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VENAL. Something that is bought. The term is generally applied in a bad sense; as, a venal office is an office which has been purchased.

A Law Dictionary, Adapted to the Constitution and Laws of the United States. By John Bouvier. Published 1856.
References in periodicals archive ?
It has only recently come to light that Sir Brooke Boothby also wrote Venality, a poem of 962 lines which severely satirizes English parliamentary procedures at the end of the eighteenth and the beginning of the nineteenth century.
And is a study of registration and venality alone sufficient to conclude that the parlements themselves had lost all weapons of resistance?
Abraam becomes a significant character for the lay brigata; with his native intelligence he discerns the Holy Spirit at work, despite the obvious clerical venality. But what does Emilia's argument imply about the moral effectiveness of the mendicant exempla, if they fail to acc ount for the audience's emotional lives, their interests and desires?
I was struck with all of the RooseveltClinton parallels, particularly the mendacity, manipulation, and venality. Until I read your piece, I didn't realize the level of Clinton's interest and involvement in the FDR memorial.
"There is a love of venality and physical beauty in Hollywood.
At least we can be grateful that we no longer live in the era of the Red Scare with its cowardliness, venality, and violence.
The final chapter muses on Africa's new breed of leaders, from Nelson Mandela onwards, who carry the hopes for a future free of the venality and brutality that have characterised many of the dinosaur-leaders' grip on power.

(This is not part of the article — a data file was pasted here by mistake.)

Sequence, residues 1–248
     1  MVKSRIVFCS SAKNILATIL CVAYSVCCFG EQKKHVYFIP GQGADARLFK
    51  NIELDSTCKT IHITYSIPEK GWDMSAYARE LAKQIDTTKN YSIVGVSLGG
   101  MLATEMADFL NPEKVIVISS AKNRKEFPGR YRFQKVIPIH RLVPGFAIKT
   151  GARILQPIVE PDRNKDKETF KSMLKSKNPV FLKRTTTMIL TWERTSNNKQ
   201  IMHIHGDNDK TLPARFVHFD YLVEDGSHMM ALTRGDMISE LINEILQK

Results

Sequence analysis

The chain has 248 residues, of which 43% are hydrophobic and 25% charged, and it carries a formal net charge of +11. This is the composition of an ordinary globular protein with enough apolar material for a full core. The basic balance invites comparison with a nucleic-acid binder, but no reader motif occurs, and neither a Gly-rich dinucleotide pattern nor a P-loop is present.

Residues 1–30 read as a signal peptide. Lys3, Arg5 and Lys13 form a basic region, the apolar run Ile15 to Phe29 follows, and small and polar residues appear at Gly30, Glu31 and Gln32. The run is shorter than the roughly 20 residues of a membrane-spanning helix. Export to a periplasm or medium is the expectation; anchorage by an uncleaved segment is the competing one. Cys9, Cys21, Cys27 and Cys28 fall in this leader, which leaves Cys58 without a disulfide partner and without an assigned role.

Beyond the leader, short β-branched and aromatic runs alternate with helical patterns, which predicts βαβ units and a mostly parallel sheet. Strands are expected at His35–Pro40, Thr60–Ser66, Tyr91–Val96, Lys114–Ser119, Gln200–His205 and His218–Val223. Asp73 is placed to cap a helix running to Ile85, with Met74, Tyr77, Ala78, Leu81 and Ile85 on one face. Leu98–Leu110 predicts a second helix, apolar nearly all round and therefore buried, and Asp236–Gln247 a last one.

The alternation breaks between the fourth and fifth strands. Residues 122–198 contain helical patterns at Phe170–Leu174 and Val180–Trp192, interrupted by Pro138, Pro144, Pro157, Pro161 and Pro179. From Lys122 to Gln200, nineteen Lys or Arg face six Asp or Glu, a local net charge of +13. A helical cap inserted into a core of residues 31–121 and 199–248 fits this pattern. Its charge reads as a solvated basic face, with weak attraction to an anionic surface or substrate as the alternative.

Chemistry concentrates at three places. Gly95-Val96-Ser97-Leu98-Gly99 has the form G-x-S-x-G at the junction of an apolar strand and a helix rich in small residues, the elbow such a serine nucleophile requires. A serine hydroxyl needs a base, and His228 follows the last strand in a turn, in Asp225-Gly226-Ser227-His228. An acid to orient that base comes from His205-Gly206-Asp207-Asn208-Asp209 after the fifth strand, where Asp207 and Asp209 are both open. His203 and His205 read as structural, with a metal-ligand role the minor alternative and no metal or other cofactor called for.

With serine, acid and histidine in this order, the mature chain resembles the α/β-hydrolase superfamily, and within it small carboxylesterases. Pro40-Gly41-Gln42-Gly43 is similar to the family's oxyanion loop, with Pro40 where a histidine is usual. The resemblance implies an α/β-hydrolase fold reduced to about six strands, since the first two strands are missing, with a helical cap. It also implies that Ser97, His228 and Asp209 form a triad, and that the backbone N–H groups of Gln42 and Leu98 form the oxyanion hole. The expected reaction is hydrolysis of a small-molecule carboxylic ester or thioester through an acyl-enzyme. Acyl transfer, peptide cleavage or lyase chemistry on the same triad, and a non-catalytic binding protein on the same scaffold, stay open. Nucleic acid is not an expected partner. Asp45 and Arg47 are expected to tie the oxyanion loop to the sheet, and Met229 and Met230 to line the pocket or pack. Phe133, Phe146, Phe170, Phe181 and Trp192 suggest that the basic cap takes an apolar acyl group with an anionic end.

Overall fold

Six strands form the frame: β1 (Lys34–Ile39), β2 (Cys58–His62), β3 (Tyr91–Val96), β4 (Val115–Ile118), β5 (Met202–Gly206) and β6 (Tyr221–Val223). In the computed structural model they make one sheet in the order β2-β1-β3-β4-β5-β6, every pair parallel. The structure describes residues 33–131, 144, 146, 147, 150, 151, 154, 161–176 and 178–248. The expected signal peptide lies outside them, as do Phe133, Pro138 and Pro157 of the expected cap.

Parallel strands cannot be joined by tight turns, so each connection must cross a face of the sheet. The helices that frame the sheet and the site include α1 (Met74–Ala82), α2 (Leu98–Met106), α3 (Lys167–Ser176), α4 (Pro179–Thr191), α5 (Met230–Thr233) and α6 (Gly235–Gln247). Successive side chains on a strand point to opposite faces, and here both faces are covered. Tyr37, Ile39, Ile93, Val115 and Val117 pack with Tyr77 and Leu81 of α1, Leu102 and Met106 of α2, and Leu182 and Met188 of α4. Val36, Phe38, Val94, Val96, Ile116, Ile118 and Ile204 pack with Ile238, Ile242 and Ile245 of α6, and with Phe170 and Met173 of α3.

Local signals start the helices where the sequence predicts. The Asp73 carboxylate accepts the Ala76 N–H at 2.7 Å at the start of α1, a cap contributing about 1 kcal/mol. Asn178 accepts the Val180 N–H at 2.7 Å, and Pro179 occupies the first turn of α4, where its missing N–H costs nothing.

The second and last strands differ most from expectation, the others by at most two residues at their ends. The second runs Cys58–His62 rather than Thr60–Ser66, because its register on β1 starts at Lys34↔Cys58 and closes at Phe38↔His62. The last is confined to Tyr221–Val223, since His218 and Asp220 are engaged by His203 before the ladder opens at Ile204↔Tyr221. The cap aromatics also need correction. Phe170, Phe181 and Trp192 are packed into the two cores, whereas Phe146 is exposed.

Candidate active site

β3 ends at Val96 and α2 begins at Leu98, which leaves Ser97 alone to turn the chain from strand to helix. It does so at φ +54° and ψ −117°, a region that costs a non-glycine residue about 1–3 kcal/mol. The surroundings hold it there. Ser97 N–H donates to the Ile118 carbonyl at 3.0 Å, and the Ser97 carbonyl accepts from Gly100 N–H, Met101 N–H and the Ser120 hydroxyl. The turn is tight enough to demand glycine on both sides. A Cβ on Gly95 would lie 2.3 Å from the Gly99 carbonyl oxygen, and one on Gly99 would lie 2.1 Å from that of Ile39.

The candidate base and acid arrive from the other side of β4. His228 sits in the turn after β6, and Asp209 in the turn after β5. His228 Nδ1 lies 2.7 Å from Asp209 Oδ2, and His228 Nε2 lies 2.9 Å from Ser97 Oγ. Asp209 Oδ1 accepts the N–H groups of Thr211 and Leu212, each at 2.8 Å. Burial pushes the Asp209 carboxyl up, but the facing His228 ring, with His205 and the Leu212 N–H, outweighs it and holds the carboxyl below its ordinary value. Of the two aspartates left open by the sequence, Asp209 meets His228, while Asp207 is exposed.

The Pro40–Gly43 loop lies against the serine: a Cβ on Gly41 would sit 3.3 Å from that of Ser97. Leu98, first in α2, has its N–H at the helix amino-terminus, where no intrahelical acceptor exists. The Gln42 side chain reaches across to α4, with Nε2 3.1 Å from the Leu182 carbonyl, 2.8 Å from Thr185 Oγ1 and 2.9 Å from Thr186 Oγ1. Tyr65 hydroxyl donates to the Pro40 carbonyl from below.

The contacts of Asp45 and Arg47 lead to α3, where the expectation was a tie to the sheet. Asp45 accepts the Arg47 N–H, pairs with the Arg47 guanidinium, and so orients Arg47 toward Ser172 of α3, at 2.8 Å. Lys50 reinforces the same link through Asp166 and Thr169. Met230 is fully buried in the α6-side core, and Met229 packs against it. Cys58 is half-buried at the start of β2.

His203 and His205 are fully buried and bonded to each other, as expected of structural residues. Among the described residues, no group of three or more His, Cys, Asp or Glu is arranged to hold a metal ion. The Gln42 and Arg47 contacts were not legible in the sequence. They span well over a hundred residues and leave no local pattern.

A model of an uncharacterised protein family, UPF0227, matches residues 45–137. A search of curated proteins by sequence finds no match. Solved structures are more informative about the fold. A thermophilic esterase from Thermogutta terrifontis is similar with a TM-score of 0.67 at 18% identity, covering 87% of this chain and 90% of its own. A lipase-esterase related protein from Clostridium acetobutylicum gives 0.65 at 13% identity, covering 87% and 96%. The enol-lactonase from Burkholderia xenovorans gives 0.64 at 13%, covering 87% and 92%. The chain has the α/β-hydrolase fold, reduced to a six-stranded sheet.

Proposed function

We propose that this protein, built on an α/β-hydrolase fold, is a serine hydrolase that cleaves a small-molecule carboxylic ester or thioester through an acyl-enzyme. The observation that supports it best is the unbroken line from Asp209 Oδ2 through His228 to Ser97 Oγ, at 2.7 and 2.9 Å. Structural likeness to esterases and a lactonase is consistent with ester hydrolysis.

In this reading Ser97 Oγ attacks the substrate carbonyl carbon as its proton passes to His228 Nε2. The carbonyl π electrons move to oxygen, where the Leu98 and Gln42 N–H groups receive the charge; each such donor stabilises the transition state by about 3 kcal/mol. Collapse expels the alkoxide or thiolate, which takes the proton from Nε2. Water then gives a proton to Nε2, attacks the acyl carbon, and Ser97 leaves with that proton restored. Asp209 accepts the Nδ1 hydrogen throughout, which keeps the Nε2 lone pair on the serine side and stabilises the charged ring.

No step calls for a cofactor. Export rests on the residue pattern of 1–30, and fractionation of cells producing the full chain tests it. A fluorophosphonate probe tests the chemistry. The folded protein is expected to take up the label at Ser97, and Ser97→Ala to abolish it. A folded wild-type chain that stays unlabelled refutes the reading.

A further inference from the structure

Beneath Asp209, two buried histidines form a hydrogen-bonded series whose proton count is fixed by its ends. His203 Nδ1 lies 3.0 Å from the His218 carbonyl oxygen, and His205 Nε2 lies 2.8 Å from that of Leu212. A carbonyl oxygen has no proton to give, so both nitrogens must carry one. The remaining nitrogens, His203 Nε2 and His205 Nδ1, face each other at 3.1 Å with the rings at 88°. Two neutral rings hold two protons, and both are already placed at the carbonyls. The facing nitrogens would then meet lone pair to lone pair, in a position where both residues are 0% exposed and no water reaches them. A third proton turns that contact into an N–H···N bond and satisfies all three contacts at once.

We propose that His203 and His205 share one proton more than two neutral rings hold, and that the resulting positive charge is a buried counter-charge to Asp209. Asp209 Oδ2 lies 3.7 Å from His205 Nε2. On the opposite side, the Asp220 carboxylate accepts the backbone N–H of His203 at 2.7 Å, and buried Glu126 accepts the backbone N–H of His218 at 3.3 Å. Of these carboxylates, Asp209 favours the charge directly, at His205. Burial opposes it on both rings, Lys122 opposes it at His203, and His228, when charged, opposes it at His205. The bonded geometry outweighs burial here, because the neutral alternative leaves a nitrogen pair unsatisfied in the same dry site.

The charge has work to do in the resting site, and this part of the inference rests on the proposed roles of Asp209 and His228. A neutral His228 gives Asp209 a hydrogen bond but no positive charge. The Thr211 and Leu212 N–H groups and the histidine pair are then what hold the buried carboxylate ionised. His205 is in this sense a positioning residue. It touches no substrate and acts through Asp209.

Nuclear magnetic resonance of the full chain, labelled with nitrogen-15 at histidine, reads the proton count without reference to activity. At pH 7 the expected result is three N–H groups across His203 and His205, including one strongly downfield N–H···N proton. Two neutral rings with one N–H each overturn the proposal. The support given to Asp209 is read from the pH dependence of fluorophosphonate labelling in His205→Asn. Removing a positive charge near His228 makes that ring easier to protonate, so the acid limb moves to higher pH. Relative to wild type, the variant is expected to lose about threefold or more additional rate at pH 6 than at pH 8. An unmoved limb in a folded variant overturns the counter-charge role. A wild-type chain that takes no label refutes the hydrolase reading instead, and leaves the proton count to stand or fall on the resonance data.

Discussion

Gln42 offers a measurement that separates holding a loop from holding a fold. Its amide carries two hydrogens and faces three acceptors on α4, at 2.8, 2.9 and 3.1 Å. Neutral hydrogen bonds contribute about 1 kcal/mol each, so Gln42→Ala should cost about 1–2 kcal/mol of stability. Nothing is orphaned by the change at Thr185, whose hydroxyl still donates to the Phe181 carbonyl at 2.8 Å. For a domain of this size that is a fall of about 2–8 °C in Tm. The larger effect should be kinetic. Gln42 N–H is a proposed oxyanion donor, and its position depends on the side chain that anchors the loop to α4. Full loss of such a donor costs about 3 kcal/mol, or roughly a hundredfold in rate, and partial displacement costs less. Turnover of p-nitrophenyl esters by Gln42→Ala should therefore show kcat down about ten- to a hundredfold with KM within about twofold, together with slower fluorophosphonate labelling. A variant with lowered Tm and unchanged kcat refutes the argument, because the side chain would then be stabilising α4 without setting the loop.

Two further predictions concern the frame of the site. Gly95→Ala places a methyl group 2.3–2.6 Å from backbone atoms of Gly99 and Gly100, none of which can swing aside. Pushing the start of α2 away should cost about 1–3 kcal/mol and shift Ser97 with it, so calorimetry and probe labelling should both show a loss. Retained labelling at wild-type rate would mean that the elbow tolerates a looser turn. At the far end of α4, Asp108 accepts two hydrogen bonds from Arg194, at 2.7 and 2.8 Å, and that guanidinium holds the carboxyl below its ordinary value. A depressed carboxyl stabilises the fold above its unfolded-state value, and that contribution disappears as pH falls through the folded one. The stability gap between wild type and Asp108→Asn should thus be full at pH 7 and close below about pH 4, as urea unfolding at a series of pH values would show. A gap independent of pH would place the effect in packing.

He then composed two ambitious historical dramas in verse--Elizabeth the Queen (1930) and Mary of Scotland (1933)--and his humorous Pulitzer Prize-winning prose satire, Both Your Houses (1933), an attack on venality in the U.S.
But rather than being furious at being duped, Charlie longs for Bender's vision and receives an important lesson about success in America: "never let mere scruples stand in your way." By aiming his satire at the early stages of consumerism and mass-marketing, Boyle points to the simple venality at the heart of our corporatized culture.
The astounding thing here is that after all the tranquil reports of baroque financial chicanery throughout Ronald Reagan's sojourn in office, it is now Democrats, Jewish financiers and black politicians who are associated most keenly in the public mind with venality, despite the latest indications that former Housing Secretary Samuel Pierce arranged for enormous consulting fees from a HUD program to be paid to Republicans such as James Watt and Paul Manafort.
In Arrowsmith , often considered his best work, he attacked the venality and pettiness that impede the search for scientific truth.
Let them inherit an Africa far freer from the inequality, corruption, and venality which characterize too many of its governments.